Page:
Outside of Mads Nissen’s moving image of a gay couple in Russia, which took the overall prize at World Press Photo this year, were several others that sensitively place a person or people centre frame. Acknowledged across the two awards in the Portraits category (singles and stories) were powerful images of Russian women depicted in domestic settings by the late Andy Rocchelli; military academy cadets in Europe by Paolo Verzone; a woman in China – her feet locked to the chair she is sitting on – who has been accused by authorities of working in the illegal sex trade, by Liu Song; and an eight-year-old girl, decadently dressed to go to a Halloween party, in Texas by Lisa Krantz. But it was an image of a little girl in Australia, dressed all in purple, and a project about a community of sex offenders in southern Florida that took the top awards in this category. Australian photographer Raphaela Rosella, who featured in BJP‘s June 2014 issue, won first prize in the Portraits, Singles category. In the image, we see a young veiled Aboriginal girl (Laurinda) standing at a bus stop waiting for a …

2015-04-17T14:13:38+00:00

Spot News winner Bulent Kilic on his double win

“I didn’t manage to ask this girl’s name or age because of the clashes, but she must have been around 15-years-old,” says Turkish photographer Bulent Kilic, who has won first and third place in the Spot News singles category at this year’s World Press Photo contest. “There were many high school students there, supporting their friend.” Kilic, a photographer with Agence France-Presse, is talking about the clashes that took place between riot police and protestors after the funeral of Berkin Elvan, a 15-year-old boy who died from injuries he suffered during anti-government protests in Istanbul on 12 March 2014. When he heard about the clashes, Kilic, who was in the area, hurried to the scene with two other photographers. He took many images, he says, and worked from 7am until 3am the following morning. But it was for this haunting image of a young wounded girl that he won first prize in the Spot News singles category. Kilic, who was named Photographer of the year 2014 by The Guardian, explains that he saw this girl standing on the street. He was immediately struck by the shock on …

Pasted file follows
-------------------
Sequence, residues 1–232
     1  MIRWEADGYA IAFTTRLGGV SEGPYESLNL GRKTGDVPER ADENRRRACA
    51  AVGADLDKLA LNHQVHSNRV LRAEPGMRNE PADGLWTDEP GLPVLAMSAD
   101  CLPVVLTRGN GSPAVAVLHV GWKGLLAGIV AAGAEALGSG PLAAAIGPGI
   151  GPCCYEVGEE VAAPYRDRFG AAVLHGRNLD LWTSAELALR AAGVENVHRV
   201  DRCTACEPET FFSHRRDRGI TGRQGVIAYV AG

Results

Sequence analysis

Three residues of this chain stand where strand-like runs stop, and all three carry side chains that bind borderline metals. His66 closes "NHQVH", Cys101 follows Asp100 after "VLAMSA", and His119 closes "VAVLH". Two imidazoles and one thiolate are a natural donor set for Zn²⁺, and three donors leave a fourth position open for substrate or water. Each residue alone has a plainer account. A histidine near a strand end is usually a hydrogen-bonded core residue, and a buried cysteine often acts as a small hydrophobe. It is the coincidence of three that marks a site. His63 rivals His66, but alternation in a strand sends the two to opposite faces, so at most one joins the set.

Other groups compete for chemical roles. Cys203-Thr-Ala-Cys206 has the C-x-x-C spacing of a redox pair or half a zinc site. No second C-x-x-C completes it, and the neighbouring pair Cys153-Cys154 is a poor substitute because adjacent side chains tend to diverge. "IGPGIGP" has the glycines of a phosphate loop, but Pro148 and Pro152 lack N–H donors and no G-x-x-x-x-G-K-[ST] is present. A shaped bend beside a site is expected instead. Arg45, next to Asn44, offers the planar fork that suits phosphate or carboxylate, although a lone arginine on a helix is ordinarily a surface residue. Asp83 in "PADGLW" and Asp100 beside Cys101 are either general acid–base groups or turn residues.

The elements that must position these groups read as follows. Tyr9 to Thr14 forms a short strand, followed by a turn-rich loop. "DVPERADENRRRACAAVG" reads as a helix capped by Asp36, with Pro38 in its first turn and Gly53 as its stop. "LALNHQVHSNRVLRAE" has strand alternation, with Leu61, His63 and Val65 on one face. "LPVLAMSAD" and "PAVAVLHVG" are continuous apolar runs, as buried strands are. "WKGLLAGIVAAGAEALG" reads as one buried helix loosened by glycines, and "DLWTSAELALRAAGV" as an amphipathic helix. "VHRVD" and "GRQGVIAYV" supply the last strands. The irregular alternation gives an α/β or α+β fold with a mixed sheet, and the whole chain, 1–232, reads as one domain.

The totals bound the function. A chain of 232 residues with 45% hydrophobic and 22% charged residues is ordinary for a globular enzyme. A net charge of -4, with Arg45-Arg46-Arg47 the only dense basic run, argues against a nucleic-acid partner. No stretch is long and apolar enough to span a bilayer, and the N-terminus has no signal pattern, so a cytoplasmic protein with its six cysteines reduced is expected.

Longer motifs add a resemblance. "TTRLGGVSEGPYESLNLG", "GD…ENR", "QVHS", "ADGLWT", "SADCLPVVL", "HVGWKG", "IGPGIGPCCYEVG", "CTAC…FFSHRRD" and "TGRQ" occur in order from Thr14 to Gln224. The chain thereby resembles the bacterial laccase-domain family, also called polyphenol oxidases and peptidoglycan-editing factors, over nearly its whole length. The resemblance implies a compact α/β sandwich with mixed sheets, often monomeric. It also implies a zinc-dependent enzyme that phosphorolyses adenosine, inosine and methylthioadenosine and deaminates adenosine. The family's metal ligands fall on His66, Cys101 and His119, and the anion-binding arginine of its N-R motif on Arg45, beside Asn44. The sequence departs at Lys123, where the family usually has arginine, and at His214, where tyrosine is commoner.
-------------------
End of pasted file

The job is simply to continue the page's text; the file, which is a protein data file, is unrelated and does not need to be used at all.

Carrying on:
2015-04-17T14:13:45+00:00

Image manipulation hits World Press Photo

Twenty percent of the images in the penultimate round of World Press Photo 2015 were disqualified because they were manipulated, according to Lars Boering, managing director of the organisation – and the Sports Stories category was so badly affected that the jury were unable to award a third prize. “I don’t want to say it is just sports photography because in every category was affected,” Boering comments. “But after the penultimate round, after we had awarded the first and second place, there was nothing left. All the other images had been removed.” Rocked by scandal over suspected image manipulation in recent years, World Press Photo now insists that photographers who reach the penultimate round of the competition submit their raw files and negatives. “They are then all checked by a team of experts, who find everything,” says Boering. “In this case we found a lot and that was very disappointing. It is about trust, about the basic ethics of journalism. These images should be genuine and real; we have to be able to trust the photographs they put in front of …

2015-04-17T14:13:30+00:00

Jury member Donald Weber on the World Press Photo winner